A scent that cursed be
|Crawler from The Descent (2005)|
Under cold dark dust
From the darkness
Rise a succubus
From the earthen rust
- Ghost, "Ghuleh / Zombie Queen"
No. Enc.: 1d8 (1d6x10)
Movement: 120' (40')
Armor Class: 6 (hide)
Hit Dice: 2+2, or 6 (rais)
Damage: 1d8 (claws) or weapon
Save: F3, F6 (rais)
Morale: 9, 11 (rais)
Exp: 58, 820 (rais)
Hoard Class: IV (individual), XIV (group)
Hideous Regeneration: The first wound a ghul suffers in a combat will cause the ghul to take an additional 1 hp damage each round. However, if the the ghul is struck again, its jinn heritage will begin healing all of its wounds with diabolical speed; it will regenerate 1d10 hp per round for the rest of the day.
Rad-touched: Ghuls are immune to the effects of anomalies and other features of the Zone.
Ghuls are mutants of the jinn - descendants of those trapped in the Zones and twisted by the horrid magicks of the Bieth. Twisted faces (always sporting twisted tusks), never-healing radiation burns, and withered limbs distort their forms. Confined to their warped and twisted physical forms, they are disdained by their jinn brethren, and feared by human city-dweller and nomad alike. Cast out from all society, pushed to the wastelands and ruins, ghuls regularly turn to banditry and slaughter to survive. Given their residence in the ruined and hollowed cities of the Zones, and the inhospitable nature of the wastes, many believe that they subsist on the vast necropolises and the corpses stored within.
Despite their ill reputation, many ghuls dream of leaving their blasted homes and joining the societies they have dimly heard of. Given their immunities to the deleterious effects of the Zone and the perilous anomalies, ghuls will occasionally strike up relationships and even alliances with those striking out into the Zone. However, they are wary and paranoid, and many an alliance has been riven apart through betrayal and fear on both sides.
Ghul bands of 20 or more have a 4 in 6 chance of being led by a rais (boss), a 6 HD ghul who can polymorph self (AEC 73) into any humanoid form three times a day. They are known to ride in great bronze chariots drawn by ostriches or eyeless dogs.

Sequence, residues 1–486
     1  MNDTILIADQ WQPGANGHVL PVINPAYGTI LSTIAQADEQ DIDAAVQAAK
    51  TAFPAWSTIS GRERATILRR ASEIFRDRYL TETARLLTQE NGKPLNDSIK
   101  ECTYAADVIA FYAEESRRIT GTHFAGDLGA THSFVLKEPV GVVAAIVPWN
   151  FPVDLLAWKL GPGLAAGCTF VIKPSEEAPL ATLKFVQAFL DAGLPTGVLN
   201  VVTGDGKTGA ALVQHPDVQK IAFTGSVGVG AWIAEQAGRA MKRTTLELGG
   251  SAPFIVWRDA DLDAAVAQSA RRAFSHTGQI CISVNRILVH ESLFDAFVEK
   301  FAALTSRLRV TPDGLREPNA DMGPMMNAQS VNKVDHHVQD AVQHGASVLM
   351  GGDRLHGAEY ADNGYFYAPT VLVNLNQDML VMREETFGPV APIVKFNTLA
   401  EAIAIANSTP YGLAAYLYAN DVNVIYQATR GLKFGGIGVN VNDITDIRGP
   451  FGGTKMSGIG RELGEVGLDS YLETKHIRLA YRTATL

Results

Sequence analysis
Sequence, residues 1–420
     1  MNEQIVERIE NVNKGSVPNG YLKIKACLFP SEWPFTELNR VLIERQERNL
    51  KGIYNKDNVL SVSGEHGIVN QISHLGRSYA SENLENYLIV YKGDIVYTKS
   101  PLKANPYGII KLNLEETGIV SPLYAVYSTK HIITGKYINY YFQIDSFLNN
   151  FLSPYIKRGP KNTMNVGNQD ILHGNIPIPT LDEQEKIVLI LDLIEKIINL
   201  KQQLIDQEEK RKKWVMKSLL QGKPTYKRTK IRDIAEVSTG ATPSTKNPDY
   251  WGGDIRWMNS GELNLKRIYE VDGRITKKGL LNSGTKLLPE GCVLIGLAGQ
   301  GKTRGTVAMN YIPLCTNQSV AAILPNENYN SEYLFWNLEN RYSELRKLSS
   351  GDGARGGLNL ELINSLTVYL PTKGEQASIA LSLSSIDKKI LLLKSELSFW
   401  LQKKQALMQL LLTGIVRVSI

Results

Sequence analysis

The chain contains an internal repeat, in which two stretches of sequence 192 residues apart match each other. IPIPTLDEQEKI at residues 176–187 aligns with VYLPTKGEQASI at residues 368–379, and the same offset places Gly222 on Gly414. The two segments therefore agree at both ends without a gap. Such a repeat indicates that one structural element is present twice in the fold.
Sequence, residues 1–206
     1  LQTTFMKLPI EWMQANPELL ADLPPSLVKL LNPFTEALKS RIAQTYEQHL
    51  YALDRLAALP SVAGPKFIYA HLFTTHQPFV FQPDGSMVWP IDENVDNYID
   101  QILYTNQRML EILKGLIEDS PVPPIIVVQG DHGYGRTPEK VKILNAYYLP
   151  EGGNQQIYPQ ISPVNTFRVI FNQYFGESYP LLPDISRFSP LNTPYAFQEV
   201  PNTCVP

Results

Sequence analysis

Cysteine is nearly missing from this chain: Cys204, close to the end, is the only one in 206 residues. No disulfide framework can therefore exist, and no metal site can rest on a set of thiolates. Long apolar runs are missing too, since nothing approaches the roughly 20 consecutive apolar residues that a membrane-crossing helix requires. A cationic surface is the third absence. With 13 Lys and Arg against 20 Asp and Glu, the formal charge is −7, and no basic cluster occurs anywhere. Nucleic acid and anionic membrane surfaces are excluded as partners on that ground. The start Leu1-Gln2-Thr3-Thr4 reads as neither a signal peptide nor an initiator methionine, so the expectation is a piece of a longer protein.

O who will bear my news to the young men of Fahm
of what I met at Riha Bitan?
Of how I met the ghul swooping down
on the desert bare and flat as a sheet?
I said to her, 'We are both worn with exhaustion,
brothers of travel, so leave my place to me!'
She sprang at me; then my hand raised
against her a polished Yemeni blade.
Then undismayed I struck her: she fell flat
prostrated on her two hands and on her throatlatch.
She said, 'Strike again!' I replied to her, 'Calm down,
mind your place! For I am indeed stouthearted.'
I lay upon her through the night
that in the morning I might see what had come to me.
Behold! Two eyes set in a hideous head,
like the head of a cat, split-tongued,
Legs like a deformed fetus, the back of a dog,
clothes of haircloth or worn-out skins!
-Ta'abbata Sharran, "How I Met The Ghul" (Irwin 24)
- Apparently ghuls eating the dead was an invention of Antoine Galland in his translation of the 1001 Nights (Al-Rawi). There certainly seem to be several tales and instances of MENA folklore where ghuls are shown eating corpses, but those tales postdate Galland's translation. This is honestly part of why I'm making Legacy of the Bieth in the first place - drawing upon MENA folklore and myth that tries to step away from The Arabian Nights (TM) and its dominant presence as the touchstone for "Islamic fantasy."
- This is my first entry in Dan D's #DIY30 challenge. Despite this post running on 8/2, I wrote it the night of 8/1, so it counts dammit. We'll see how long I can keep up.
The Mythical Ghoul in Arabic Culture, Ahmed Al-Rawi, Cultural Analysis, 8, 45-65.
Night & Horses & The Desert, Robert Irwin
"Zerendac," Feminist Folklore
Folklore of the Holy Land, J.E. Hanauer (source here)